Iraq’s recovery is being held back by a lack of visionary leadership, the US’s neglect of building up the Iraqi state, and a legacy of socialist and police-state-era legislation, a former Iraqi ambassador said. Lukman Faily, the former Iraqi ambassador to the US, said Iraq lacked sufficiently capable “Founding Fathers” who understood what was required to build a state, away from their ethno-sectarian background.
He made his comments in a speech to launch his report Social Harmony: An Iraqi Perspective at the London School of Economics last month. In his report he called for more areas of overlap and dialogue between the three pillars of Iraqi society: state, religion and culture. He said he did not wish to discuss particular politicians, but added that he was finding it “difficult” to find the right leaders to accommodate the challenge of leading Iraq to a more stable future.
He said that the problem was not the individuals so much as structures such as the “destructive” quota system that denied voters quality. He added that the political system was rigid and prevented creativity from developing, which was why he had decided to leave the government. “Parties are not democratic,” he said, where they had had “the same leaders since 1980.”
However, it would be pointless to form a new party in what he called “this unhealthy environment”. Mr Faily, who served as ambassador to the US (2013-16) and formerly Japan (2010-13), criticised the American powers governing after their 2003 invasion for making a “major strategic mistake” by focusing on “nation-building, not state-building,”.
“[The Americans] tried to help us define what nation was about: we have yet to find out what nation is about. We don’t have that relationship [with one another], it’s been fractured. It doesn’t mean that Iraq was not a nation at one time, but the current nation of Iraq is fractured. ISIS tried to systematically destroy the fabric of that,” he said.
Mr Faily also said that Iraq’s statute books needed “cleansing” of laws that hindered the development of a healthy democracy and economy. He said: “We have thousands of legislations … that are to do with the police state. We need to cleanse ourselves of that. “We have hundreds of legislations we need to get [in] order if we’re after a market economy. “We need … a much [more] vibrant parliament, much productive, efficient parliament than we have now. That can only be done by having the … desire for the rule of law,” without which current levels of violence would continue “for a long, long time”.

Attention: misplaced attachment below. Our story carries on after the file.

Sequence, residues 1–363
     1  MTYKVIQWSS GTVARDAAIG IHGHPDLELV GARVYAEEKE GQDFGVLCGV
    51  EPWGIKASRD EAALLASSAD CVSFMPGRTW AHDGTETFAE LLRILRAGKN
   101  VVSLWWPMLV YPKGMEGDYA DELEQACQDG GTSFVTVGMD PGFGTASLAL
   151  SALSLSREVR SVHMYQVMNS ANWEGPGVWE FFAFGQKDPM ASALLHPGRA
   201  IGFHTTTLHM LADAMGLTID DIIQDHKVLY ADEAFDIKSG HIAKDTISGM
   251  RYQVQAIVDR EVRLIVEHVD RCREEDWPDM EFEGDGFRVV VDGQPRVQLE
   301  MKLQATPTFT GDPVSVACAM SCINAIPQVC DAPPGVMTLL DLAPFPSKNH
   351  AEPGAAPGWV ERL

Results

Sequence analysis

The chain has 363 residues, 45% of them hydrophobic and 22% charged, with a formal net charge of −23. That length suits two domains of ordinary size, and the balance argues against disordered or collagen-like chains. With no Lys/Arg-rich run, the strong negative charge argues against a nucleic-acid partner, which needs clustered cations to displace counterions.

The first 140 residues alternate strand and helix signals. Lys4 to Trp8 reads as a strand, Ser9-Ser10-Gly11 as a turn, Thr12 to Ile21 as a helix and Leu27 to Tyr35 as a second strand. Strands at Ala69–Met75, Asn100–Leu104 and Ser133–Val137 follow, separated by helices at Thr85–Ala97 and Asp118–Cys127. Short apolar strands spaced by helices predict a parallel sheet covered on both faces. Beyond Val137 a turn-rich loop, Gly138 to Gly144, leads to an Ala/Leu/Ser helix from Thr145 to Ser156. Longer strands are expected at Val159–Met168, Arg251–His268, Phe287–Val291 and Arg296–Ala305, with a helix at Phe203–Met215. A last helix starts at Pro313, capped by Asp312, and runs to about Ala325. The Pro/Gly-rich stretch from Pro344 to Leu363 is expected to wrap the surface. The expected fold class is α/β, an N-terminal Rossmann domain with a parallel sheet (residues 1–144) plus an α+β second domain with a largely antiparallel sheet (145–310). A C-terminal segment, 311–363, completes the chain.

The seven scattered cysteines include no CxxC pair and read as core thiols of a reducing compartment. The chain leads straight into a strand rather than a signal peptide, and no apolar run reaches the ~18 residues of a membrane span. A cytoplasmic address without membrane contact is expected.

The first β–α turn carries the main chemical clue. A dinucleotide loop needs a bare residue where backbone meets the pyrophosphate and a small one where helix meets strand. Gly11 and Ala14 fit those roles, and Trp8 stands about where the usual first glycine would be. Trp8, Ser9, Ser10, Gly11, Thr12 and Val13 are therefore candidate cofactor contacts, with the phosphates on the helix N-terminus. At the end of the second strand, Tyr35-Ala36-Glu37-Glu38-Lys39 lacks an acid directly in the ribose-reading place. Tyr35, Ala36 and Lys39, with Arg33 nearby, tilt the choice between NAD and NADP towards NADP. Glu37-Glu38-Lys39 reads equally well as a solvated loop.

He said the parliament passed laws too hastily but was too divided over the fundamental issues of the national narrative to function well. Stressing he was speaking as a private citizen, he added: “The current decision-making process in Iraq is ineffective and certainly [there is] a danger of people feeling that ‘democracy produces chaos and therefore I don’t want a democracy’.” But he said other actors had to be included in the transformation of Iraq.
“You cannot change the state in Iraq without serious discussion with the religious establishment,” he said. “The same is true with the tribal leaders. Without having that dialogue, the state alone cannot manage the change.” He said it was a problem that the state, the religious establishment and the tribal leaders all believed they had the power and the authority to change society by themselves.
Asked how to bring state, religion and culture into harmony, he said it was important not to introduce legislation without considering the religious and social aspect of it. He described as “detrimental” and “insensitive” a law passed last year that forces children of parents who convert to Islam to automatically become Muslim, but added that it would probably not be implemented.
He said the legislation had been introduced “without due consideration” for its impact on Iraq’s minorities and to “score political points, trying to be more royal than the king”. He traced the roots of Iraq’s current self-destructiveness and the tendency to look for “saviours” to its experience of dictatorship and its “heritage of strongmen”.
He said Iraqis “still don’t understand the nation-state model” and had unrealistic expectations of their leaders. Dictatorship “systematically destroys the fabric of society, their own wishes and desires”, making it “hypocritical, self-centred, short-sighted”, he said, adding that the longer a society endured a dictatorship, the more destructive that society became – “and that’s the problem we have … the biggest problem we have in Iraq is that people don’t want to tolerate the other,” he said.
“Society still does not think that the problem is within itself; it still thinks the problem is in the other. I don’t think enough soul-searching has taken place.” By contrast, he insisted: “Democracy gives us the tools we need for harmony.” Asked whether Iraq should adopt a model of sectarian-based governance based on the Lebanese model, Mr Faily replied categorically: “Power-sharing destroys democracy.”
And asked whether Iraq should be divided, he said that such a process would only create more problems. “The country is crucial within itself and the region. Issues in the south are to do with good governance, they are not ethno-sectarian,” he added. He concluded his presentation saying Iraq’s journey back towards social harmony was “a marathon” that would require hard work and collaboration.
Abigail Frymann Rouch is a journalist specialising in religious affairs and the Middle East. She has just gained a Master’s in Middle Eastern studies from King’s College, London. Abigail has reported on the migrant crisis from Greece for The Independent, and has had work published in The Telegraph, Marie Claire, the Irish Independent and Deutsche Welle.